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Yield's and Sleep()  RSS feed

 
Nicholas Jordan
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In reading Java Threads, it becomes apparent that my original Threading strategy is the likely best strategey. On a uniprocessor machine, a yield or sleep() may not do much good. On a higher-end machine, my orginal strategy would be paralleled by a parallelizing compiler. The nature and design of the program is such that the number of files open and the file sizes may vary in dramatic or routine ways - my solution was to write a class that would process these files and fire off one in a loop for each file returned by a directory listing.

In that the machine may be loaded at some point, I decided to put thread count management and priority management in main() - all of the compilers I have seen for winnie define away yield() - the correct way to do a yield being sleep(0);

We cannot make assumptions about the scheduler, and the actions of the scheduler on a uni-processor machine - to me - add further fog to the issue that the disk heads are molasses compared to processing involved ..... but given my practical experience that many solutions are the mirror image of the first solution, I wanted to ask before I dream up some initial load-balancing tests whether Yield() is actually implemented in the JVM - whether by request to the OS or not - and what the effect of a sleep(0); would be. (by design of the JVM)

Book says 20-50 ms sleeps are what actually happens, which is fine for a point to begin testing, or contemplating tests, under my original design ideas.
//eof
 
Edward Harned
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Do you have a question?
 
Nicholas Jordan
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  • Yield() is actually implemented in the VM ?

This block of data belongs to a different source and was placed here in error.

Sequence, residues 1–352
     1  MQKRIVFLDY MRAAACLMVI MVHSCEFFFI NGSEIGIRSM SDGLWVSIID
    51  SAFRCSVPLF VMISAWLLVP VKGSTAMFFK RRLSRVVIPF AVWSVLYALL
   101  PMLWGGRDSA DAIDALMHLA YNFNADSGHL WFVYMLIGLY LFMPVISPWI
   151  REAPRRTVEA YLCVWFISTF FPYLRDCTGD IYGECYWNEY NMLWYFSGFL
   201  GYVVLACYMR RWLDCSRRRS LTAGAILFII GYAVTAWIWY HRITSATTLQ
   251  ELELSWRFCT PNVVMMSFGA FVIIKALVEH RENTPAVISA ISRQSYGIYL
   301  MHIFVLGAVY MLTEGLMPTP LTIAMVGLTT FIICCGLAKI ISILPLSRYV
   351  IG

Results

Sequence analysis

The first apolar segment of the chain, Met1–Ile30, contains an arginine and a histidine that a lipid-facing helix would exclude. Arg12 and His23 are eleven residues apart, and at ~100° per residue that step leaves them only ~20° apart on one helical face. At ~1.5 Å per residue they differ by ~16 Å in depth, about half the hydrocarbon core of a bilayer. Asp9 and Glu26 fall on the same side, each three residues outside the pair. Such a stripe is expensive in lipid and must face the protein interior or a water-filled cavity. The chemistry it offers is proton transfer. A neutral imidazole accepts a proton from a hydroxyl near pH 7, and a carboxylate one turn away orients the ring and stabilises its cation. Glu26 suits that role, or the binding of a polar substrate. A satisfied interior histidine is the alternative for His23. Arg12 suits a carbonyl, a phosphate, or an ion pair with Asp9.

• What is the effect of sleep(0); ?
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    Jim Yingst
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    Both yield() and sleep() are implemented in native code. (You can see the Java source for standard libraries in the src.zip or sjr.jar file which should be found in your installed JDK, unless you declined this option when you installed). In terms of the specification, yield() and sleep(0) may have exactly the same effect (which may legally be, none at all) but in terms of what they actually do do, that's up to the JVM implementation. If you really want to know exactly how they work, you'll probably need to dig into the C source code of the particular JDK you're using (assuming it's available). Or write some careful performance tests to see if there's any observable distinction between sleep(0) and yield().

    From my own experience, I've occasionally found I needed[i] yield(), and I've never observed any [i]problems because of yield(). (Never bothered with sleep(0), but I'd expect it to have the same effect.) In general I consider it good practice to insert at least one yield() anytime I see a thread doing a potentially lengthy loop with no sleep() or wait() already present in the loop.
     
    Nicholas Jordan
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    Thank you so much for your discussion of the issue.

    Since posting, I have finished first reading of Java Threads. Generally, things are largely as I suspected, and fine-grained testing may reveal answers to my thoughts.

    I unpacked rt.jar using tools as instructed in the documentation, but am not able to effectively use the C-Sources at my current skill level.

    I did read Thread.java in it's entireity.

    My original design philosophy was to put some yields around to avoid starving other process on a uni-processor machine, notably where you mentioned.

    And for matters normally addressed in discussion of threading issues.

    I take it from your instruct that if my fingers are acclimatized to coding sleep(0); where a yield might go - the general intent in the VM works toward a similar end result.
     
    It is sorta covered in the JavaRanch Style Guide.
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